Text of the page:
i’m on a small team so I read & reread every pull request that comes in until I understand the problem & solution fully

and

I did the same! And I stalked checkins to see how people solved various problems

I don’t actually read every single pull request on my team. But I do find it useful to pick a few areas I want to keep learning about, and keep track over time of the work people are doing in that area.

I definitely can’t always do this – for example I used to work on machine learning and while in theory I’d like to keep track of what people are up to there because I find it really interesting, in practice it’s too much for me to pay attention to. But I do try to pay attention to things that are closer to me (like some of the networking team’s work!)

Read the source code

Reading source of what I use is a big one for me. Understand what it does internally but mainly why it does it a certain way.

I think this is a fantastic tip and super important!! A lot of systems aren’t really that well documented and you can’t learn how they work without reading their source code.

Follow up on bugs I couldn’t figure out

Sometimes I see a bug that I can’t figure out how to fix. And then later, sometimes somebody else will figure out the answer! When that happens, I like to really take the time to understand what the answer was and how they figured it out!

For example recently there was a networking issue that I didn’t manage to debug and that somebody else just figured out last week. Thinking about it now, I understand what the bug was, but I’m not 100% sure what tools they used to get the information they needed to debug it. When I get back to work I need to make sure I go find that out, so that next time I will be better equipped!

Jessica Kerr commented

Whenever I have to look something up for troubleshooting, I go a little deeper or broader than strictly necessary.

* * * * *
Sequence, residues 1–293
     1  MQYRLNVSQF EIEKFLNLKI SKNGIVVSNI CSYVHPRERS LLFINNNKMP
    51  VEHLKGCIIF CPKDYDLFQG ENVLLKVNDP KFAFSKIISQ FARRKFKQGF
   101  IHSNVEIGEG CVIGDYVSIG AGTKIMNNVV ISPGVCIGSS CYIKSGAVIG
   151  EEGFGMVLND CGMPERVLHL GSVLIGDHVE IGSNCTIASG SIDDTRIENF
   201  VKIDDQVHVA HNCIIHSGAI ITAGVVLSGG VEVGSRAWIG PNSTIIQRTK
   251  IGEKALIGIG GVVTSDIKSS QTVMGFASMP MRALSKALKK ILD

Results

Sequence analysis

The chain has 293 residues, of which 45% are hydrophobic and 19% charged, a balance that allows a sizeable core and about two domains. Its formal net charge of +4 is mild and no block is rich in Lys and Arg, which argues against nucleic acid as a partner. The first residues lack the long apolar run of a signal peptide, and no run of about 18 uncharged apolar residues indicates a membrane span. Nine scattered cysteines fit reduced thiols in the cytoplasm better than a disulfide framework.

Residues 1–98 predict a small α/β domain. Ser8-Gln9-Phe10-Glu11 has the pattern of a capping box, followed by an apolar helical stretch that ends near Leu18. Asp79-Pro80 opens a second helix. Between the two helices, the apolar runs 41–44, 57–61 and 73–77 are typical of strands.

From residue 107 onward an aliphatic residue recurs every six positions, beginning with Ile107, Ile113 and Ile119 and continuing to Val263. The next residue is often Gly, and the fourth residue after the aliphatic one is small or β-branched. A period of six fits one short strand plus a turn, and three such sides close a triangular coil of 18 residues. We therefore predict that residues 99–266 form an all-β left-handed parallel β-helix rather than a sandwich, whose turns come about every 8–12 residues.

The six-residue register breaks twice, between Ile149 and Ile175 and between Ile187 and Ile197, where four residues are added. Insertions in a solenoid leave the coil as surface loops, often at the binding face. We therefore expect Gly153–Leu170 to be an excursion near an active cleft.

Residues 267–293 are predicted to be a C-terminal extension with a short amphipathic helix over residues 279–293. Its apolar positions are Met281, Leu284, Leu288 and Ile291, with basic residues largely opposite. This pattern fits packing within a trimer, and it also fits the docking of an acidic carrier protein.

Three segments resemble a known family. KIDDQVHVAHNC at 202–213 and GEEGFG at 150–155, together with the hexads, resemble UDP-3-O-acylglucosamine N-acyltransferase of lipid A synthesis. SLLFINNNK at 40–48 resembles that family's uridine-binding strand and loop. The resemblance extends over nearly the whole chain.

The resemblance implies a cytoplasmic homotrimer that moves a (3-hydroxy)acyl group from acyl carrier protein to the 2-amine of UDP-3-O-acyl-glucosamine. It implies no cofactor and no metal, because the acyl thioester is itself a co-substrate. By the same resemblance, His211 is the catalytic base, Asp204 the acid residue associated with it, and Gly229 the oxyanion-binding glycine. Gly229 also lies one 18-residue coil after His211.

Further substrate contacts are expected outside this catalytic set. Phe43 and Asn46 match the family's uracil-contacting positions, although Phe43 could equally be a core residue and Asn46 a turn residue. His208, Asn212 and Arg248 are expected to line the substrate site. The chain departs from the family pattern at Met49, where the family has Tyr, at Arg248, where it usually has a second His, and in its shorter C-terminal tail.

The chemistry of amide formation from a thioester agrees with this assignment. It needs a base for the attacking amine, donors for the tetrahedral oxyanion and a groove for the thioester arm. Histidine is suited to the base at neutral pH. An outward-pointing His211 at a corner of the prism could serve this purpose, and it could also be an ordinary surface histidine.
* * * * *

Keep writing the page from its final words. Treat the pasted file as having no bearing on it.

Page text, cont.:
which I think is a great philosophy :) :) (it’s not good to go too far down every rabbit hole, but consistently reaching a little further than I have to pays dividends for sure)

I also liked this answer:

Sometimes I’ll just dig into a problem that’s work-related but not really within my actual duties and see if I can get somewhere.

Use your commute

I don’t have a commute but a lot of people mentioned using their commute time to listen to podcasts / read papers / read interesting articles. I think this seems like an awesome way to keep up with things you’re interested in!

Take the time at work to learn

Someone on Twitter said “I wish I could take 1 hour a day to learn”. My view is that it’s my job to take time out of my workday to learn things. Like right now I’m using Kubernetes at work, it’s a complicated system that takes a long time to understand, and I spend time reading about it at work. For instance, when we were starting out I spun up a test cluster just to poke around and try to understand how container networking works. I also make progress on our projects at the same time!

This is probably a bit easier for me because I work remote so nobody really knows what I’m doing hour-by-hour anyway, People just care about what I’m getting done overall.

I actually think I would probably be more productive if I took a little more time to read in advance. Like I just read Kelsey Hightower’s “learn kubernetes the hard way” document, it didn’t take that long, and it had one really good idea about how to set up a cluster that would have saved me some time.

Some people take this idea even farther! For example, my friend Dan has mentioned a few times that he likes to read technical books at work. I originally found this kind of surprising but it makes sense – there are some books that are relevant to my work, and there’s no reason really why I shouldn’t read them at work.

Figuring out how to contribute to open source